I was wrong.

Phillip is asked: “You came into this leadership role with decades of experience as an educational and business leader; how have the special qualities of this particular role affected your own experience of leadership?”

Phillip answers: “The more one lets go of what one wants, the more effective one is as a leader in this community.”

[Given my new role as a Community Dharma Leader, this got my attention.]

Phillip continues: “…As an entrepreneur, I was the leader of a small team who made fast, decisive decisions; this did not involve a slow consensus process. I had to let loose of my style of decision-making and surrender to the consensus process that we go through here. Being willing to spend my time in such a process required a new orientation to leadership, and new priorities.

“Friends would ask; why are you willing to spend the time? To be fully revealing, for the first few years it was a struggle. At Spirit Rock, a leader does not so much “make their mark,” as they have to continually hold the values and possibilities for how the organization can function and how its people skillfully relate to one another and develop as practitioners.

“Over time, I realized this required more of a nurturing heart quality than the dynamic quality of my previous style of naming what was needed and implementing it. To my surprise, this shift in perspective turned out to be the “why” — the very act of leading in this manner and the change required was the reward.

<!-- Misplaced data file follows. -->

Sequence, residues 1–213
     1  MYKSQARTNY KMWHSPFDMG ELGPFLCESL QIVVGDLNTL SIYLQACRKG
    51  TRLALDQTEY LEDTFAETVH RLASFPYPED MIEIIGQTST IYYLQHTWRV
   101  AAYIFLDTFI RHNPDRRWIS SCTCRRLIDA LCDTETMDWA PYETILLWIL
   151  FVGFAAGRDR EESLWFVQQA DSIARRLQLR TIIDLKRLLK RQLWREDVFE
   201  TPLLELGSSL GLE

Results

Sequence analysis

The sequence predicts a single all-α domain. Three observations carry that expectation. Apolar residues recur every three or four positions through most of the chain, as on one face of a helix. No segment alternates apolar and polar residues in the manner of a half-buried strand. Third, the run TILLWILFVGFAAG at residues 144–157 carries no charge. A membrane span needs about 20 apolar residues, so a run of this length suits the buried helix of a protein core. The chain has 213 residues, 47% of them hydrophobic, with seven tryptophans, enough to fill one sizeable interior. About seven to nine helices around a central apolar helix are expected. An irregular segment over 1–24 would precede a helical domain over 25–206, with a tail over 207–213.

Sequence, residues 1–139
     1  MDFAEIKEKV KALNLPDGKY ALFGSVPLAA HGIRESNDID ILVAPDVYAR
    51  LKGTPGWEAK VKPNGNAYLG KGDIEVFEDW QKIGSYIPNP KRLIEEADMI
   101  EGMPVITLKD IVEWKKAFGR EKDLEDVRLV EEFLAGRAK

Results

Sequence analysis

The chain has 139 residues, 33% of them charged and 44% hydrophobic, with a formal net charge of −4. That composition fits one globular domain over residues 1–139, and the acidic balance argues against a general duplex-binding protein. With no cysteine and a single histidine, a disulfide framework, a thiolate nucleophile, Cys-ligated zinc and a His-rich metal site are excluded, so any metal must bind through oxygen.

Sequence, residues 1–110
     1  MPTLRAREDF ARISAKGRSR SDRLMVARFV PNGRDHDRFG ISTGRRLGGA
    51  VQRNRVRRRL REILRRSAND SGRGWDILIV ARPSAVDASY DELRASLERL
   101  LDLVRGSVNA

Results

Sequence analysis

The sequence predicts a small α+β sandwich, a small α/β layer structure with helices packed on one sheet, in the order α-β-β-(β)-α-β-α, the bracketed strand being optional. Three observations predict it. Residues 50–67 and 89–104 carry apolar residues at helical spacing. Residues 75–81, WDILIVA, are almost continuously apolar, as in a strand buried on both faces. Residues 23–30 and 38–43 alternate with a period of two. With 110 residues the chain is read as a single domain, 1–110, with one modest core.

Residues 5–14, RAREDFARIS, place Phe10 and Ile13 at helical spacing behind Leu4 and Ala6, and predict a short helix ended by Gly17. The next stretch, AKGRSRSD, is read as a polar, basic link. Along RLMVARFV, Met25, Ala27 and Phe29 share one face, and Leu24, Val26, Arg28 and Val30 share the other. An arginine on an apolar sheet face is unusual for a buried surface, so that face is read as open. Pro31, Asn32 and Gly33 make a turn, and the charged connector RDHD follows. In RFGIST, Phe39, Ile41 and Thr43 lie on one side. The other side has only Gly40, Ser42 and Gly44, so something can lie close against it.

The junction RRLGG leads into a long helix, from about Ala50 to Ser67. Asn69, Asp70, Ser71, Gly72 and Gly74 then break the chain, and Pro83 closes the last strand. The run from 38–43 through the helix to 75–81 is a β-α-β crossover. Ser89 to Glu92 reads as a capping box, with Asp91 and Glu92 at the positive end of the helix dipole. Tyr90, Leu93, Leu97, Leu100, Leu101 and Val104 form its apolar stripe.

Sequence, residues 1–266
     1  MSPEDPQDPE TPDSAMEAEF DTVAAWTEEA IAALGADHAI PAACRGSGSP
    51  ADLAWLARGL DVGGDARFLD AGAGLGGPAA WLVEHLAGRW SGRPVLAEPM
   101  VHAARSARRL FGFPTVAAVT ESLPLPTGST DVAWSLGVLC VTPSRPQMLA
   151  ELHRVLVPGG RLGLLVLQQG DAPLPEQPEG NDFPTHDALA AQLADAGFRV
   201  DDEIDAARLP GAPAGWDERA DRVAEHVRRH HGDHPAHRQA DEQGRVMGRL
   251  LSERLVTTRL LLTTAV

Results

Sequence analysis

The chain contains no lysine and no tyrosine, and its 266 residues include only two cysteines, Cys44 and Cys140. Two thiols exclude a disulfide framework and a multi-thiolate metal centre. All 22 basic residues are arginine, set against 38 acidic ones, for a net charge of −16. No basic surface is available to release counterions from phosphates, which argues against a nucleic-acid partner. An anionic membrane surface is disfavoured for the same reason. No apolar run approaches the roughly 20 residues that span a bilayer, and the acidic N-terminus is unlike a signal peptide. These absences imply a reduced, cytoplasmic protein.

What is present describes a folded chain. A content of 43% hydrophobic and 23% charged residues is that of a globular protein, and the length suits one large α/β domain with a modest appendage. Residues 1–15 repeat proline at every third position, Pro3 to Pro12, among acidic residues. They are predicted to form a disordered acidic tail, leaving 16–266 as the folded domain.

“I would describe it as a two-decade practice of “letting go” of being the strong, decisive leader with clear views, and instead leading by building a common view through kind attention.

“Such a practice was not my goal. I was not initially suited for such a role. I had no idea how much wisdom comes from kindness, patience, and just letting go.

“And yet that’s how it ended up–a kind of renunciation of the way I related to the world that had previously allowed me to survive a challenging childhood and to thrive on a large worldly stage.”

***

Wise advice, Phillip. I recognize myself in your story. May I learn from your experience. May I take these words to heart.

5 Dec
2017
Posted in: Books, Groups
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This Is Possible

Last night our Dharma Book Group had a great discussion about this line from In the Buddha’s Words, by Bhikkhu Bodhi: